Head of Lies

After I cut my hair off for the first time, I wrote a story about how my new cut wasn’t a political statement. It wasn’t a post-breakup rebellion. It was just a haircut. I posted it on this blog because I was proud of it. I thought it was a fresh way of looking at self-worth and identity, which I struggle with constantly.

Doesn’t that sound smug? How cool I thought I was because I was flippant about the whole thing. Aloof and blase about my big chop. Look at me you plebs, intellectually above it all. In the moment, I think a little bit of me was, to give past me the benefit of the doubt.

Now, I think I truly understand why I did it.

A lot of my life has been dedicated to men: the way I look, my heart, my feelings, the way I view myself. It’s all been for men.

When I became aware of my sexual objectification (because let’s face it, I was in the dark for a long time. I mean, I was only what? 13 when it first started?) I never knew how to handle it. People told me to enjoy it, attention is fun and flirty. Smile back, there are ugly people who don’t get the time of day from men. Making a fuss means you’re no fun.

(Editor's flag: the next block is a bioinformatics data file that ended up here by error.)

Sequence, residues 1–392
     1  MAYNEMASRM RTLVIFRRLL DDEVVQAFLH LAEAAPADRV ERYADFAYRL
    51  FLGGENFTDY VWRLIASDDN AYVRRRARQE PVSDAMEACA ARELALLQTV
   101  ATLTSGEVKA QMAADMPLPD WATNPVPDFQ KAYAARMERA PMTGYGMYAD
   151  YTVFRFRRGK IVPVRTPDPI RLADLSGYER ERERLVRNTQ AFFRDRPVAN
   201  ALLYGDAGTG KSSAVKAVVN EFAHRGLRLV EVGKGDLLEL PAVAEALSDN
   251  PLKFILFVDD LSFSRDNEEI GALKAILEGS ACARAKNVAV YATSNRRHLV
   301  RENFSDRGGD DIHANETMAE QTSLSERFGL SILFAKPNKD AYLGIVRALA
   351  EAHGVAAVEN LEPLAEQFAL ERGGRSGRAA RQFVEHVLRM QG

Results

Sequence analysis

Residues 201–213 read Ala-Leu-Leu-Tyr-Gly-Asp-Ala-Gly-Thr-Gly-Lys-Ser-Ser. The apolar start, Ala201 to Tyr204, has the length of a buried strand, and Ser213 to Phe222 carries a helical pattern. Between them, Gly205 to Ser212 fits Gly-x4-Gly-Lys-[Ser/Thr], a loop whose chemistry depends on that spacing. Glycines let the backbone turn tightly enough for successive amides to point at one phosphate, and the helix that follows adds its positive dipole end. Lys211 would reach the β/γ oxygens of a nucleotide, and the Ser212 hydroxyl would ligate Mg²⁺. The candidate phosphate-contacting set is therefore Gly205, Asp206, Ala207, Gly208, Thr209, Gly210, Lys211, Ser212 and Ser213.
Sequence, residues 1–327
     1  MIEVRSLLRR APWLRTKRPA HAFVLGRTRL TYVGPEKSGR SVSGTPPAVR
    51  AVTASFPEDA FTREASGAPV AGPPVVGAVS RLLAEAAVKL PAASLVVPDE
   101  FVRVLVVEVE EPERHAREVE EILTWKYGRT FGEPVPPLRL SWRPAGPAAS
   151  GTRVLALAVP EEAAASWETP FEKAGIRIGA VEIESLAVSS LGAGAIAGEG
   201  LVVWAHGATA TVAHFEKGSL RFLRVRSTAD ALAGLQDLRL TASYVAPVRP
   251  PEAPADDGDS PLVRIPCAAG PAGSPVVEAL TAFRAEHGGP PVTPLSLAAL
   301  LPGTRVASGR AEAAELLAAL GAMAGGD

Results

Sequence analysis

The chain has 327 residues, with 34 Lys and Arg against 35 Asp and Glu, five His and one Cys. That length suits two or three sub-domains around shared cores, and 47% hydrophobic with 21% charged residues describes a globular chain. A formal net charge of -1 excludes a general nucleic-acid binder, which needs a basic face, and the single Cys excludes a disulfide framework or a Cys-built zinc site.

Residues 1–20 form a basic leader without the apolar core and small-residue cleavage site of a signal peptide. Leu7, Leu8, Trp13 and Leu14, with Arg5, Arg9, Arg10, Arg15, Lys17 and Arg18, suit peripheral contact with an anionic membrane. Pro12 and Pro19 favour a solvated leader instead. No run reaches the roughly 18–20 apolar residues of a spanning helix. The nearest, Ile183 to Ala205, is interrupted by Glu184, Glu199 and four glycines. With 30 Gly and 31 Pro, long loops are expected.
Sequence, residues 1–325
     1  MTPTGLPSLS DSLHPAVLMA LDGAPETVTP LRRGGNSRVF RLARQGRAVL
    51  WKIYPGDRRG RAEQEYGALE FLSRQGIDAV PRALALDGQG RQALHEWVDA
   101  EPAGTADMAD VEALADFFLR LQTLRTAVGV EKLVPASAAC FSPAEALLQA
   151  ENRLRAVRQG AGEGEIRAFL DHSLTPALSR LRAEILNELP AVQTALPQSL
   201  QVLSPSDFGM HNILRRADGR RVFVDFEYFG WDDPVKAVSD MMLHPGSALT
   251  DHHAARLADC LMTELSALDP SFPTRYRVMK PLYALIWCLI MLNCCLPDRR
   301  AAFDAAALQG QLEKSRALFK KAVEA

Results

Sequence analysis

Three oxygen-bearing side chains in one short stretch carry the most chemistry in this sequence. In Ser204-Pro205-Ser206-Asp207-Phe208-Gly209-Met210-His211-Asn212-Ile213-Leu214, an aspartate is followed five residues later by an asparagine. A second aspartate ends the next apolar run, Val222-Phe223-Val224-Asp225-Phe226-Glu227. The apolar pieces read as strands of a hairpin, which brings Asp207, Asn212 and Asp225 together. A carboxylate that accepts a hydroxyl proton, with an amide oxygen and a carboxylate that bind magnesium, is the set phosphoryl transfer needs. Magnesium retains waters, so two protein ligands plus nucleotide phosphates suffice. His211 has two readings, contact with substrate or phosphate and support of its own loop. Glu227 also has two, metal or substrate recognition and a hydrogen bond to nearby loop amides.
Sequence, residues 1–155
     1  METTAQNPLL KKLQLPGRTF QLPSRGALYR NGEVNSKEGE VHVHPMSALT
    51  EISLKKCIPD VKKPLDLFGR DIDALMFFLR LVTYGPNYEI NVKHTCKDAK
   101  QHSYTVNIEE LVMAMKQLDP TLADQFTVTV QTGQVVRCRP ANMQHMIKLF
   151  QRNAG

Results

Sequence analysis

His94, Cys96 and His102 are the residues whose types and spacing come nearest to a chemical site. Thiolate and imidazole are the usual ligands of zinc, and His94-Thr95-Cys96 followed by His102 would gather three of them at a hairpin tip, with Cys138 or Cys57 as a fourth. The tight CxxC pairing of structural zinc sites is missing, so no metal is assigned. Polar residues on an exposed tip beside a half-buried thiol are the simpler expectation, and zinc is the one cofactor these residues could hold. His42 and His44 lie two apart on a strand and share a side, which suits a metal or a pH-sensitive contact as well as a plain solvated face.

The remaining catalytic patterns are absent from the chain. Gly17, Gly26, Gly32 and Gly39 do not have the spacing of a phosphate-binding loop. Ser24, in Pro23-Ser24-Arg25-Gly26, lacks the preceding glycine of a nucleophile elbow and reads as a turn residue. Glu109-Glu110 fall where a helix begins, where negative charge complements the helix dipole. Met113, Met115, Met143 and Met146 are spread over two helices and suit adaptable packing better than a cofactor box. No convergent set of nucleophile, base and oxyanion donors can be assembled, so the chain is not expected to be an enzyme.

This is the point where I want to say I didn’t believe them, and that I rejected these toxic notions.

I didn’t. I absorbed them, and modified. Became more feminine, dated guys who were dirtbags because they liked me. Didn’t tell off guys who were my “friends” and objectifying me because I didn’t want the brand tease. (Which by the way, fuck you if you are one of those guys. I’m coming for you later.) Years of this behavior slid past my defenses, until I looked around and realized that I was tired of being a well for men to dip their buckets into.

I was exhausted and frankly pissed. Pissed that I let myself become this shell of a woman, feeding on cat calls and “wyd?”. The only way I knew to stop this cycle of bad habits was to change what I could. I became crass, and opinionated.

More importantly, I cut all my hair off.

Wow. What a freakish difference my hair made. All of a sudden I was off the map, invisible to men because they couldn’t immediately categorize me into a fuckable slam piece. Was I gay? Or was I just strange? Who knew! Men didn’t want to take the energy to find out! Huzzah!

But I was free, and I continue to be free. My hair means a lot to me now. If a man wants my time, he has to earn it. Make it past my new helmet into my squishy brain why don’t you. But you have to try now, you don’t get this for free anymore.